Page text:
Some of these pop rock bands incorporate traditional Malay roots into their sound, reviving the old Orkes Melayu style once popular in the region across Indonesia and Malaysia. Such bands belong to the "Band Pop Melayu" Malay Pop subgenre which became popular in late 2000s with acts like Kangen Band, Wali, Hijau Daun, Armada, Angkasa and ST 12.[18]

Indonesia first experienced the Korean wave in the 2000s, leading to the popularization of K-dramas and K-pop. The rising popularity of K-pop gave rise to a second wave or generation of boy bands and girl groups in Indonesia.[19][20] There are several K-pop influenced groups that emerged from this wave, one of the earliest being G-String,[21] but the most notable are SM*SH, CJR and Cherrybelle. Other popular groups include 7Icons, XO-IX, Hitz, and Dragonboyz. It is from this era that the term "I-pop" emerged and was used by several groups including Cherrybelle,[22][23] 7Icons, and XO-IX.[24]

Several J-pop influenced groups also debuted around the same time. In 2011, Super Girlies, a J-pop influenced girl group, debuted; their first single is a cover of a Berryz Kobo song.[25] In the same year, Japanese idol group AKB48 launched its first sister group in Jakarta, JKT48. JKT48 introduced the "idols you can meet" concept in Indonesia, and distinguished itself from other groups by calling themselves an idol group, rather than a "girlband" particularly.[26] Subsequently, several independent J-pop influenced "idol groups" made their debuts, including LuSca, which debuted in 2012.[27]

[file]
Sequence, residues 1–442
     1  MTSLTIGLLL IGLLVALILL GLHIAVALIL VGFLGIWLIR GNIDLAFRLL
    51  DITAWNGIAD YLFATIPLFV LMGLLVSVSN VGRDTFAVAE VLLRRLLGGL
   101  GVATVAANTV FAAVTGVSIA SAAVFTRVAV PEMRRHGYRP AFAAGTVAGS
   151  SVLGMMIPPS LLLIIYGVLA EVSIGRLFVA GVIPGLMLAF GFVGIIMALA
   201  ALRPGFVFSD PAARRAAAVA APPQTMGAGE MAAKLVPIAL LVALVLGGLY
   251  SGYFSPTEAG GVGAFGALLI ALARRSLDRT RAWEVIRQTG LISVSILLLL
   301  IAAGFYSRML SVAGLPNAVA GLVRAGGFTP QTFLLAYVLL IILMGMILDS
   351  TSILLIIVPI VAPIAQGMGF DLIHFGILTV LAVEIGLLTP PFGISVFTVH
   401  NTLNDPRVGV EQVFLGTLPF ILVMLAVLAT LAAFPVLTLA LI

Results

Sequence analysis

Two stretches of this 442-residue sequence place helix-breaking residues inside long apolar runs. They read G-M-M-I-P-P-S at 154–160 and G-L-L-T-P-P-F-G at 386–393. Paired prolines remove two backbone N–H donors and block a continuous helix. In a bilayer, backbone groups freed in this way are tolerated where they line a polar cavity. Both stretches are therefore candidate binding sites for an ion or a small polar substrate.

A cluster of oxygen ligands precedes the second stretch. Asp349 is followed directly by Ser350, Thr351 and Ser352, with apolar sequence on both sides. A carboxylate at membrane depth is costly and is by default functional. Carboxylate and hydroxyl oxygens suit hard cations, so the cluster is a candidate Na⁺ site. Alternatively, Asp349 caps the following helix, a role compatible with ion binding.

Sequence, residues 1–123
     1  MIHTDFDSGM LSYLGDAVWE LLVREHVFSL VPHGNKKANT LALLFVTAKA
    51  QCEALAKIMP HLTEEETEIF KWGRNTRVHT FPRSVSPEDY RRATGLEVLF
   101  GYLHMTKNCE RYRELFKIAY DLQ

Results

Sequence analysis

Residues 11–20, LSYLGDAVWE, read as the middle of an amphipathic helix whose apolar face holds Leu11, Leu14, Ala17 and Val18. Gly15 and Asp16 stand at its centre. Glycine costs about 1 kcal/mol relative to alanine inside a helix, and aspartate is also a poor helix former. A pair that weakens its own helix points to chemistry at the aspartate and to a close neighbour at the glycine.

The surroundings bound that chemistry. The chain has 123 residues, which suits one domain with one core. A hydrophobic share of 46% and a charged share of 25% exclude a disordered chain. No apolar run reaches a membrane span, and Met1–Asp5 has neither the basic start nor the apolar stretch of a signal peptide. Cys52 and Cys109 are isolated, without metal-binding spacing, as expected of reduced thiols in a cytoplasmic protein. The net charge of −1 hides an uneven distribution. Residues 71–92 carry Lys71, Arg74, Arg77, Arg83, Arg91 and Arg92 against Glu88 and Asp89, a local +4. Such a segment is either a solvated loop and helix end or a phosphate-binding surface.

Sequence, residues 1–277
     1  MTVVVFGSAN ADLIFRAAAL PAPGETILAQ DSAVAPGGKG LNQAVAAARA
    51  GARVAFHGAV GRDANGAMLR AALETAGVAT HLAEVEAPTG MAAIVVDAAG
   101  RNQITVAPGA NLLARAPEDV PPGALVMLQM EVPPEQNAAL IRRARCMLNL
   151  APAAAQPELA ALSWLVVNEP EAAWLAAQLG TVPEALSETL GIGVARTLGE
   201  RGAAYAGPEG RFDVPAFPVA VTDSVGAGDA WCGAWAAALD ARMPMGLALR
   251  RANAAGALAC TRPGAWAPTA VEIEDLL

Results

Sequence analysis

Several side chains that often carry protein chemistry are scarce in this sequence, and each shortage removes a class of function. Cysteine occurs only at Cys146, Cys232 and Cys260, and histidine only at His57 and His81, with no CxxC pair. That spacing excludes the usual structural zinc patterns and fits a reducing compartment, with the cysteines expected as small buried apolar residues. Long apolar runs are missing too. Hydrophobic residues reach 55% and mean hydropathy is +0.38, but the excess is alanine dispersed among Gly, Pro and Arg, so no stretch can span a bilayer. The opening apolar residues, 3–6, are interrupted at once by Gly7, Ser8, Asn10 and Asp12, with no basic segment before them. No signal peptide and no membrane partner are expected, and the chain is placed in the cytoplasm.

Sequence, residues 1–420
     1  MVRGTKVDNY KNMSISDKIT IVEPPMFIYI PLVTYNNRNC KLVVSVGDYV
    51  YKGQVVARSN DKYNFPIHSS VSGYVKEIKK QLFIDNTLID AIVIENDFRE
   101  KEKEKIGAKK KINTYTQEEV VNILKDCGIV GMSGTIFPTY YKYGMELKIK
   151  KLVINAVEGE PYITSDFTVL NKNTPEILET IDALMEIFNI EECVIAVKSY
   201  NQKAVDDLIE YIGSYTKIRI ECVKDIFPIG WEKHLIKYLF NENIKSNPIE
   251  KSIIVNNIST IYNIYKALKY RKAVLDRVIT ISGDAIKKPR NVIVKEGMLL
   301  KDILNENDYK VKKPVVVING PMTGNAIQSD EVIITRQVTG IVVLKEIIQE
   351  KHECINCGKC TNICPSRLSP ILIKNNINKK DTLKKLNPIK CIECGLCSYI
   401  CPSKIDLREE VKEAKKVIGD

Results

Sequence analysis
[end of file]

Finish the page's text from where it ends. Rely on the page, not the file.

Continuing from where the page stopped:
Connection with Indonesian films and television series

Indonesian films and television series have a strong relationship with Indonesian music. Most Indonesian films feature soundtracks consisting primarily of Indonesian music, generally Indonesian pop and some rock.

Dwiki Dharmawan, Krakatau personnel, known for his some of musical works related to soundtracks in Indonesian films and television series, including his own arrangement of "Aku Ingin" for the film Cinta dalam Sepotong Roti.[28]

Melly Goeslaw is an Indonesian musician and female solo singer, known for her many musical works related to soundtracks in Indonesian films and television series. Melly made her debut in making soundtracks for teen drama films in 2002 with the film entitled Ada Apa dengan Cinta?, where most of the songs were sung by her and written by her and her husband.[29]

Melly Goeslaw then provided the soundtrack for the film Eiffel I'm in Love in 2003, the film Apa Artinya Cinta? in 2005, the film Heart in 2006, the film The Butterfly in 2007, and the film Ketika Cinta Bertasbih in 2009.[30] She considered writing the song Ketika Cinta Bertasbih more difficult than his previous work in youth romantic films, because it is a religious film. Therefore, she felt she had to be extra careful.[31]

Her works in these film made Melly increasingly popular as a soundtrack musician, so she was also given the nickname Queen of Soundtrack. The soundtrack later won Best Soundtrack at the Indonesian Film Festival.[32]